Dave Matthews' 'Island' filled with sweet jam
August 8, 2006
BY MAC RANDALL
The noodle dancers were there. So were the ski jumpers, rock climbers, yogurt vendors, ecological petitioners and, most important, six stylistically diverse bands. In short, all was as Dave Matthews wanted it for his second two-day Island Getaway on Randalls Island.
Last year's trek to this surprisingly bucolic locale was so successful that Matthews decided to do another weekend run this summer. (The second installment of this year's festival was yesterday, with David Gray replacing Gov't Mule as Matthews' opening act.
Buoyed by the fine weather, Matthews and his crack band - who exuded the kind of tightness that only comes from 15 years of playing together - regaled fans with a three-hour show. The set list was heavy with old favorites: "What Would You Say," "Dancing Nancies," "Ants Marching." But there were also a few new songs that the band is considering for its next album.
Of these new tunes, "Sister" was the standout. Performing alone on acoustic guitar, Matthews succeeded in making a huge field seem small with his intimate take on the conversational melody. "The Idea of You" was also an excellent addition to the catalog, with a light jazz feel reminiscent of Sting's work in the mid-'80s.
Matthews' voice, however, doesn't measure up to Sting's even during the best of times, which these weren't. Toward the end of the night, he apologized to the audience for the roughness of his singing, and rightly so. Whenever he tried to raise his vocal intensity on tunes such as "Crash Into Me" and "Hunger for the Great Light," all that came out was an unbecoming bellow. (Not that the fans minded - they just bellowed right back.)
Before Matthews' set, singer-guitarist Warren Haynes and his band Gov't Mule took the stage for an hour of scintillating psychedelic rock, distinguished by a hefty injection of Southern soul. And banjo wizard Béla Fleck led his Flecktones through their trademark hybrid of country and jazz with wit and virtuosity.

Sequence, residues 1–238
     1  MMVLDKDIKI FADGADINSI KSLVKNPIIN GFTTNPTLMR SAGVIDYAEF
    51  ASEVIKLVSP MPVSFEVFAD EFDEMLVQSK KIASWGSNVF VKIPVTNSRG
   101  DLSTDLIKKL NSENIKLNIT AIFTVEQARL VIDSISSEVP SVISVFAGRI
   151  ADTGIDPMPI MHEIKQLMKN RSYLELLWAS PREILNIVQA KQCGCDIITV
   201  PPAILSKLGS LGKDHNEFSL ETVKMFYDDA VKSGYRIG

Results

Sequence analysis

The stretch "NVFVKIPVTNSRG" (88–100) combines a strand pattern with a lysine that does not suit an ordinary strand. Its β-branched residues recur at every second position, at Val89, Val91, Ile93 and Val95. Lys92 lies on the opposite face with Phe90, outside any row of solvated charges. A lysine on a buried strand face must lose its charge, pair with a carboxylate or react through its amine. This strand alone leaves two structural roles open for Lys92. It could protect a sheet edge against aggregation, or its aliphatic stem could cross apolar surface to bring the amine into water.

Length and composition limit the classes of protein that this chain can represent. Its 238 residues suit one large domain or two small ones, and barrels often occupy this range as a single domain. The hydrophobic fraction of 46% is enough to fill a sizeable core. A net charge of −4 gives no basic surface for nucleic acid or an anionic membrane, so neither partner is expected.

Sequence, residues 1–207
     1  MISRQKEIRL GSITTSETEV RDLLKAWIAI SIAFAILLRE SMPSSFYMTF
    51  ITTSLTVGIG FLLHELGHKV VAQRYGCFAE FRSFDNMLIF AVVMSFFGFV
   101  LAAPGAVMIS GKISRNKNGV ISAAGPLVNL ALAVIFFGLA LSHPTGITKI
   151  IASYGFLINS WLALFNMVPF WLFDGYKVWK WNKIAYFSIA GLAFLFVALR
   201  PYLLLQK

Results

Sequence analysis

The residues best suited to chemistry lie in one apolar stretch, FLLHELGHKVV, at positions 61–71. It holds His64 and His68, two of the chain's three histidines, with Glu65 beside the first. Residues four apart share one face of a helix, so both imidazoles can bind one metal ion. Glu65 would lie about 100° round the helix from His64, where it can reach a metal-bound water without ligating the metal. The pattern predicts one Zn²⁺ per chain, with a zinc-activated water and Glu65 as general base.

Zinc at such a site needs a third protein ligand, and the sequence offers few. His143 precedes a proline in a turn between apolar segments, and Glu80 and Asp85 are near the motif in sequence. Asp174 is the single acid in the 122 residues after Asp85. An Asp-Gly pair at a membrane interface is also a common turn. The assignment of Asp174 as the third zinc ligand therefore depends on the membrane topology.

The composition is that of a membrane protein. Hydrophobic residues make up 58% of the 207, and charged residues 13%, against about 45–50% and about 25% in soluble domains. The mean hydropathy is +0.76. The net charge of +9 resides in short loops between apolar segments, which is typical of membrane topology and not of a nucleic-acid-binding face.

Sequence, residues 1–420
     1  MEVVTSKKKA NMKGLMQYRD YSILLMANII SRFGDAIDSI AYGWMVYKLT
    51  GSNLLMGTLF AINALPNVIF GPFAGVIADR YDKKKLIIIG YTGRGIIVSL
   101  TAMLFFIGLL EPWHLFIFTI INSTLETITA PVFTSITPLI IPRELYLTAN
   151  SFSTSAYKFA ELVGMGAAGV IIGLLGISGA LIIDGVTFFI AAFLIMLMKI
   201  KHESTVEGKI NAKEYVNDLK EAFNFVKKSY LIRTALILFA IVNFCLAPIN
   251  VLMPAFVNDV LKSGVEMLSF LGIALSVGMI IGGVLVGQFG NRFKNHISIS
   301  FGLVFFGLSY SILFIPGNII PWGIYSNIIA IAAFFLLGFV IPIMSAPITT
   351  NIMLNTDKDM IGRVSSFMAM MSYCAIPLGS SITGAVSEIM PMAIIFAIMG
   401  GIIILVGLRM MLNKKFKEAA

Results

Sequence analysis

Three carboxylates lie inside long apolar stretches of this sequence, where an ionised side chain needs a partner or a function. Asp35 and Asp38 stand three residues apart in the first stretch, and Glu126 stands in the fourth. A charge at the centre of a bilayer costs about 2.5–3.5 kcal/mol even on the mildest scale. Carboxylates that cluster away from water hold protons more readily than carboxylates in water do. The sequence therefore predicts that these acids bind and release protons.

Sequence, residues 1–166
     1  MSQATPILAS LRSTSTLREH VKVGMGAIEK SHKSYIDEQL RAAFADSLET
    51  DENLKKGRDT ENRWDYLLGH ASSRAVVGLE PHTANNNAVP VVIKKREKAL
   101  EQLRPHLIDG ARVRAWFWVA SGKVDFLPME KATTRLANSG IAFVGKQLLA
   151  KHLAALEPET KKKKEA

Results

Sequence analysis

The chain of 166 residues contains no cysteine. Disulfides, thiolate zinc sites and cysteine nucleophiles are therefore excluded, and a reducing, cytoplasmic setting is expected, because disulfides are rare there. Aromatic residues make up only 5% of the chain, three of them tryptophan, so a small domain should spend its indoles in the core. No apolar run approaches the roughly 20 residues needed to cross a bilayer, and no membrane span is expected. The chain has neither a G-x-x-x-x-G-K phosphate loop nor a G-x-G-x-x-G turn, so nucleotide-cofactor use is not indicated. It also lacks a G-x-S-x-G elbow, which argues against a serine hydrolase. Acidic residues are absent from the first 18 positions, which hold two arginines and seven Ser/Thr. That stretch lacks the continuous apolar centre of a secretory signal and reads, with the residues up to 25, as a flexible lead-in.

Both Haynes and Fleck also made guest appearances with the Matthews band, although Fleck's flashy runs on "#41" were far more impressive than Haynes' meandering guitar excursions during a seemingly endless cover of Neil Young's "Cortez the Killer."
It was still early afternoon when the live music started, with an appearance on the festival's second stage by the young San Francisco quartet Tea Leaf Green. Their material was standard-issue jam fare, but guitarist Josh Clark's searing solos helped elevate it above the norm.
Next up was Yonder Mountain String Band, who cleverly filtered bluegrass through a '70s classic-rock prism, goaded on by mandolinist Jeff Austin's exuberant headbanging.
The inauspiciously named Slightly Stoopid closed out the second-stage program. The San Diego band excelled at tripped-out dub-style reggae but fell flat when it tried its hand at blues-rock and hardcore metal.
Dave Matthews Island Getaway. For the second summer in a row, the tribes of jam converge in the middle of the East River, led by superstar Matthews. Seen Saturday at Randalls Island, Manhattan.